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FCC’s new net neutrality rules finally revealed

by Jacob Kleinman | March 12, 2015March 12, 2015 3:15 pm PDT

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Last month, the FCC voted to protect net neutrality and reclassify Internet providers under Title II restrictions. At the time though, we didn’t actually know the specifics of these new rules. Now, a few weeks later, the government agency has released the full document, all 400 pages of it.

One focus here is exactly how Title II will be applied to the Internet. FCC chairman Tom Wheeler previously noted that the classification could be tweaked slightly for Internet providers. Specifically, that means many of the standard rules won’t be applied, including last-mile unbundling and rate regulation. Overall, the FCC is pushing what it’s called a “light touch.”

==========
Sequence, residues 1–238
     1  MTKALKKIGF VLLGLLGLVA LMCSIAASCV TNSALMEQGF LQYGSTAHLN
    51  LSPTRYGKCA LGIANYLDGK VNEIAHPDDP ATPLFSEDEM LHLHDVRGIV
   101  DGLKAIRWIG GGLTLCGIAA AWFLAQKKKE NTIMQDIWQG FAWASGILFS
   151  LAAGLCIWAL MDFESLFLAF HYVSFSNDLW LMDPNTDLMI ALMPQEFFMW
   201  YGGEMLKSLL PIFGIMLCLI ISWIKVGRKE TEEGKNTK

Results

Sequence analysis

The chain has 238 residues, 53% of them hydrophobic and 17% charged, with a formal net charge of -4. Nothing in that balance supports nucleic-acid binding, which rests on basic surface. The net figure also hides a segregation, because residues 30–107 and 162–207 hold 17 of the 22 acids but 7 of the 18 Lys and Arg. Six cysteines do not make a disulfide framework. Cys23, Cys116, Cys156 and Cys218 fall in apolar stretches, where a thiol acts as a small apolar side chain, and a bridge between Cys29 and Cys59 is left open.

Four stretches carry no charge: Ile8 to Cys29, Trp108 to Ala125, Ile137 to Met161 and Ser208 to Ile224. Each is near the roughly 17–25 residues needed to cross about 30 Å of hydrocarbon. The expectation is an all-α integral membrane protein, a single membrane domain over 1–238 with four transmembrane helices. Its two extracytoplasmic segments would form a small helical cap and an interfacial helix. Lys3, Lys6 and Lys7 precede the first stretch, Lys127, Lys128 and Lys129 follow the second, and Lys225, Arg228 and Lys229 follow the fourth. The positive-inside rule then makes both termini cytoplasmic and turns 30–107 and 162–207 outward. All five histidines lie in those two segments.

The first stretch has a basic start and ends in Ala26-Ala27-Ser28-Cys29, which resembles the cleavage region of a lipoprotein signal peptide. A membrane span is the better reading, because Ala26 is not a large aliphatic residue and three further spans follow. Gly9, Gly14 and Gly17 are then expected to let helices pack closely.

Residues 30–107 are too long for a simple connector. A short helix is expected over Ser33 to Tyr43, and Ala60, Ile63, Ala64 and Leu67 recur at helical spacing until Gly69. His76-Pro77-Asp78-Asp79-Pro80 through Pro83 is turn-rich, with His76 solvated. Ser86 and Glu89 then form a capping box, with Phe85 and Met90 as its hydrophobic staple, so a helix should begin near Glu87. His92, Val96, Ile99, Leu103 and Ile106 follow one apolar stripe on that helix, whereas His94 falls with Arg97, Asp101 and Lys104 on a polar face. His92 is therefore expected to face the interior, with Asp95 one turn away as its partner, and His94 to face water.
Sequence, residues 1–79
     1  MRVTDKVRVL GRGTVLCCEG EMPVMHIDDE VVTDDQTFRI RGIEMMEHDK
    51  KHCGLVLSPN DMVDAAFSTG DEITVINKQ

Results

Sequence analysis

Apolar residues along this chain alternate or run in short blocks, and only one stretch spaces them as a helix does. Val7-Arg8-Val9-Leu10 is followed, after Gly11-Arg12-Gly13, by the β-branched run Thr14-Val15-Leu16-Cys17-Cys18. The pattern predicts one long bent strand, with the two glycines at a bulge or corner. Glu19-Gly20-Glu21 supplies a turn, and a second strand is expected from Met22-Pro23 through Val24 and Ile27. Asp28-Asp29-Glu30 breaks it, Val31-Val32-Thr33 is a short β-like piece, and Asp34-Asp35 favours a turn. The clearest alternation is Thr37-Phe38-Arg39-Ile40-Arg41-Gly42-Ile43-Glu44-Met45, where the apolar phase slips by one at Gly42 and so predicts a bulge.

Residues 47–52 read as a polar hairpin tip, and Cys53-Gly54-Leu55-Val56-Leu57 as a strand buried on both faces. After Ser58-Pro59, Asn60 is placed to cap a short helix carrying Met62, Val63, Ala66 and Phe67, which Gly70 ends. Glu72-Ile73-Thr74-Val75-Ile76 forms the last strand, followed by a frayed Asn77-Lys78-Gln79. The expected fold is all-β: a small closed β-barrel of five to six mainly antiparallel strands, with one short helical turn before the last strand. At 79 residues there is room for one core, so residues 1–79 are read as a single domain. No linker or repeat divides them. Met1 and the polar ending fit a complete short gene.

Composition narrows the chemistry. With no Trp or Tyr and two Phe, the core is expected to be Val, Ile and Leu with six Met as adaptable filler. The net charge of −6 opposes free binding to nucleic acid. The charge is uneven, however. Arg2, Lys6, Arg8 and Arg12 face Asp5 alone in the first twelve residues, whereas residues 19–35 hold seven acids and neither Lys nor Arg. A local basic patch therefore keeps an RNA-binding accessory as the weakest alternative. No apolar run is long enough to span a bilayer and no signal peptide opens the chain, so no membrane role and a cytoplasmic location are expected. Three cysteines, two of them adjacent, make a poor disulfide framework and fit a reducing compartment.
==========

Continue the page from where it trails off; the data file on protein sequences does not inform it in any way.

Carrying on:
The proposal focuses on three main rules for protecting the open Internet. The first rule is no blocking, meaning Internet service providers can’t block sites they view as competition or don’t agree with. Second, ISPs can’t throttle your connection to slow it down when you’re consuming what might otherwise be considered “too much data.” Third, the FCC is blocking paid prioritization, meaning big companies like Netflix and Facebook can’t pay providers to make their sites load faster.

The FCC still leaves some wiggle room for ISPs to control their own networks with what it calls “reasonable network management.” However, that won’t allow Internet providers or carriers to break the three primary rules established in the proposal.

Carriers and ISPs are already speaking out against the FCC’s proposal, and the fate of the open Internet is still far from decided. Still, this document seems to nail some of the main points net neutrality supporters have been asking for. You can check the entire thing out for yourself below, though it’s not exactly a quick read.

FCC The Verge

Jacob Kleinman

Jacob Kleinman has been working as a journalist online and in print since he arrived at Wesleyan University in 2007. After graduating, he took a...

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